asked the Minister of Agriculture, Fisheries and Food if he will make a statement on his recent tour of Australia and New Zealand.
asked the Minister of Agriculture, Fisheries and Food if he will make a statement on his official visit to New Zealand; and what discussions he held there on the question of Great Britain entering the Common Market.
With permission, I will answer Question Nos. 10 and 11 together. [Interruption.] I recognise that the hon. Member for Barry (Mr. Gower) is not here. I was merely being courteous to him.I would refer the hon. Member to the reply I gave to the hon. Member for Torrington (Mr. Peter Mills) on Wednesday, 27th October. I held no discussions on the question of Great Britain entering the Common Market.
I did not ask about the Common Market. Arising out of the Minister's reply, would he place in the Library a copy of the speeches which he made in Australia and New Zealand? Would he now further elaborate on what is meant by "a substantial share"—I gather that those were the words which the right hon. Gentleman used—of the rising demand in this country which he promised to New Zealand and Australian farmers? How much does this mean, and what does he intend?
I will be delighted to put a copy of my speech in the Library. I hope that the hon. Gentleman will read it and not distort it. I have repeated time and again in the House, even in reply to the hon. Gentleman, and I said over and over again in Australia and New Zealand, that the British farmer will make the major contribution to the increase in demand for food in this country by 1970. Before the hon. Member seeks to continue this line of thought, I hope that he will carefully read my speech.
Does the right hon. Gentleman's reply, in which he said that he held no discussion on this important subject, mean that the Government do not intend to discuss the Common Market in any way? Should not he have discussed this extremely important subject when he was in New Zealand?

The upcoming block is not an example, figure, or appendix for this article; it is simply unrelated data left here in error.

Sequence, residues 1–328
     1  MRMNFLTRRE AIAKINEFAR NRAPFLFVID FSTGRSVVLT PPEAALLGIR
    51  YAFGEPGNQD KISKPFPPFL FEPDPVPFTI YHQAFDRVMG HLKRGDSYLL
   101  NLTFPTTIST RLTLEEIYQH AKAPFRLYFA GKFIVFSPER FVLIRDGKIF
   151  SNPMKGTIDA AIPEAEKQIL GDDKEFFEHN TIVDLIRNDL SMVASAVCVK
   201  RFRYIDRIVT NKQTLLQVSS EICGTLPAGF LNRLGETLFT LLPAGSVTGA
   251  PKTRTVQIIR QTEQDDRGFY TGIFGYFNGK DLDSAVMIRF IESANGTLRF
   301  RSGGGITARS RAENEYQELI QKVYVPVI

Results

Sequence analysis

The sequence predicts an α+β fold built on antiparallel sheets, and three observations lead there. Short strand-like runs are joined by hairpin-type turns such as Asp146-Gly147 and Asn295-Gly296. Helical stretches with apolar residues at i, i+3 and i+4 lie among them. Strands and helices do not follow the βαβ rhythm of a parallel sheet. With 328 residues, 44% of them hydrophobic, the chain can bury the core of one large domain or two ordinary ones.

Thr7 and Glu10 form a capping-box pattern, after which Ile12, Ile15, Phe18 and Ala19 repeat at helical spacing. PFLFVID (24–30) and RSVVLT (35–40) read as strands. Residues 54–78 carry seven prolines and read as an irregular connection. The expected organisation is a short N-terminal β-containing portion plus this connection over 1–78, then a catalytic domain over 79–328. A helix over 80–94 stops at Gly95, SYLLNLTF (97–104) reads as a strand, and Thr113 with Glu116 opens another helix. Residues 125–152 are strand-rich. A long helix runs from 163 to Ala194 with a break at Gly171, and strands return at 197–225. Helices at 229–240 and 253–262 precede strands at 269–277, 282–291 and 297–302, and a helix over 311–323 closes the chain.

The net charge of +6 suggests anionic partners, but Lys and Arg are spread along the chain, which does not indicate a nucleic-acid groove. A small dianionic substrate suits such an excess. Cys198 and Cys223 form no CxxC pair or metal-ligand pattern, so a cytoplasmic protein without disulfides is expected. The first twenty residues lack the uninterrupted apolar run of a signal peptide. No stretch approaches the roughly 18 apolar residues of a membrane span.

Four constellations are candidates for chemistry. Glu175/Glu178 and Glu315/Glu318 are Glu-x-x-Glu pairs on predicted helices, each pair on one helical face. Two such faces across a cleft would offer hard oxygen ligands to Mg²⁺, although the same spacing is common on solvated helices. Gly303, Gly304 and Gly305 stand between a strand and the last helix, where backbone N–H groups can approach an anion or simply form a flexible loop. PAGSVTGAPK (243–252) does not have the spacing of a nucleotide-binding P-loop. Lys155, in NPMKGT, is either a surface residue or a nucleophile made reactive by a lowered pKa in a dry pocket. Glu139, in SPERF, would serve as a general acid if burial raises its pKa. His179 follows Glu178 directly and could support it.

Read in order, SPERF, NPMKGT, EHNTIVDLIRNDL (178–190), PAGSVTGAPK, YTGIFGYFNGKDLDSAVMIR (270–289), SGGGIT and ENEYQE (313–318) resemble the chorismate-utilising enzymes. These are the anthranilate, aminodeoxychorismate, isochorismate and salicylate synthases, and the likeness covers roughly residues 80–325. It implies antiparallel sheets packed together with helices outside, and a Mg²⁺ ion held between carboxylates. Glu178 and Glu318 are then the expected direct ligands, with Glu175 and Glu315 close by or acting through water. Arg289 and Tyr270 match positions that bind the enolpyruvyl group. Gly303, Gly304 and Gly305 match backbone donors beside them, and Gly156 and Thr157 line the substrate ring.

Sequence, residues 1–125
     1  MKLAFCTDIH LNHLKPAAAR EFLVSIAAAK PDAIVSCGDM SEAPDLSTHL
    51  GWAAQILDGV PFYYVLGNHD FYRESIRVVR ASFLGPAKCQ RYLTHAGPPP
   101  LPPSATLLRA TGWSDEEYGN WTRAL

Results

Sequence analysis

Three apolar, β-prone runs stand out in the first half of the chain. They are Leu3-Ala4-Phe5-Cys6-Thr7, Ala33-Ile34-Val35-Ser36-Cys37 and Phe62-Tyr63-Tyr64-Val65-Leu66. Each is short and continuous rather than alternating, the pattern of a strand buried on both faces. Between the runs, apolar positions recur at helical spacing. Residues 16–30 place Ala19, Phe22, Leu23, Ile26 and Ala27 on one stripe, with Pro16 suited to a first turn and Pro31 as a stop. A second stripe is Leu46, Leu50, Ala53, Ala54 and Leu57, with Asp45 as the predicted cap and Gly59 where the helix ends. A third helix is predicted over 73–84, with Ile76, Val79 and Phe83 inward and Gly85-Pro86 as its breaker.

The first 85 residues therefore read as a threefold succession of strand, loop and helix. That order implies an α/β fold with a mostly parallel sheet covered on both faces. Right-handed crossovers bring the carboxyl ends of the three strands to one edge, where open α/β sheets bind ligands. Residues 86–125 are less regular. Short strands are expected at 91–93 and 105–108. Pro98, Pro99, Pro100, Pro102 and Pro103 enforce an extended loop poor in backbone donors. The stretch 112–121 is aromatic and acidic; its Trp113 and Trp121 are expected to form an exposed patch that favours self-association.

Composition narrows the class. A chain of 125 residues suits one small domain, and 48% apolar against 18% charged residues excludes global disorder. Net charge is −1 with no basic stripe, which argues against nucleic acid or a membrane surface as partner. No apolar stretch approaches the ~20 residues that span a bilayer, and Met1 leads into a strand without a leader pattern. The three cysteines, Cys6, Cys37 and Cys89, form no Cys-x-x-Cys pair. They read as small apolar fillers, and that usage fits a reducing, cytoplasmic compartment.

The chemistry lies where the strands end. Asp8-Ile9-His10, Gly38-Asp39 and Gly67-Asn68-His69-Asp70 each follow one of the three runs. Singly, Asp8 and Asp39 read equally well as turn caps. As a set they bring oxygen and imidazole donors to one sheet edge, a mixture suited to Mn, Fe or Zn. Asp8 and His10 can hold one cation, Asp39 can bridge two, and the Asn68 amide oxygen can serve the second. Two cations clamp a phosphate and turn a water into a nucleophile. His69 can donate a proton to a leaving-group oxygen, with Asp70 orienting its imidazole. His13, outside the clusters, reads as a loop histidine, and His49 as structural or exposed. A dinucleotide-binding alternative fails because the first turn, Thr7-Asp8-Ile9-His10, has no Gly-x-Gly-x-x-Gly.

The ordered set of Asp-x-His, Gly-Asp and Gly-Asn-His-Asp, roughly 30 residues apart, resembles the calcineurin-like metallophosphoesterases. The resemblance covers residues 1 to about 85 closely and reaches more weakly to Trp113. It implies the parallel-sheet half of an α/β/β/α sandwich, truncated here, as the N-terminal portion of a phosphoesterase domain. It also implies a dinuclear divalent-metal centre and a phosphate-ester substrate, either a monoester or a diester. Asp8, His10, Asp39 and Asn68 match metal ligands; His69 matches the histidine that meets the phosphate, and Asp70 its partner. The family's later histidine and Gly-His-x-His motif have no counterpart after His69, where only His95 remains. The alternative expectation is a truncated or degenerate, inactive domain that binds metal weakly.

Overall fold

I did not discuss the Common Market. It is true that from time to time I was asked questions informally, but I had no formal discussions on this subject.
On a point of order. It looks as though we are departing from an established practice. If an hon. Member is not here to ask a Question, he cannot have it answered. In fact, Question No. 11—
Order. I hope that the hon. Gentleman will not waste valuable Question time. Two Questions were to be answered together. The hon. Gentleman who tabled the first one was not here. The hon. Gentleman who tabled the second one was here. What happened was in order.
May I pursue my point of order? It is within the recollection of the House that the Answer given by the Minister was the answer to Question No. 10—
Order. I would ask the hon. Gentleman not to waste the time of the House on trivialities. As I have said, two Questions were answered together; and there the matter must remain.
May I come back to the Question and the Minister's charge that my hon. Friends have been distorting? The right hon. Gentleman is grossly unfair. There were Press reports in this country—[HON. MEMBERS: "Question."]
Even Front Bench Members must ask questions.
I apologise, Mr. Speaker. May I ask the Minister whether he is aware that there were Press reports while he was in Australia and New Zealand which certainly gave the impression that he had been speaking with two voices? If he says that that is not so, we accept it. I am asking him why he charged my hon. Friends with distorting what he said when they were relying on Press reports.
Last week I asked the hon. Member for Cornwall, North (Mr. Scott-Hopkins) for a categorical assurance that he would withdraw. He has not withdrawn. I ask him again to do so. I shall be delighted to put a copy of my speech in the Library.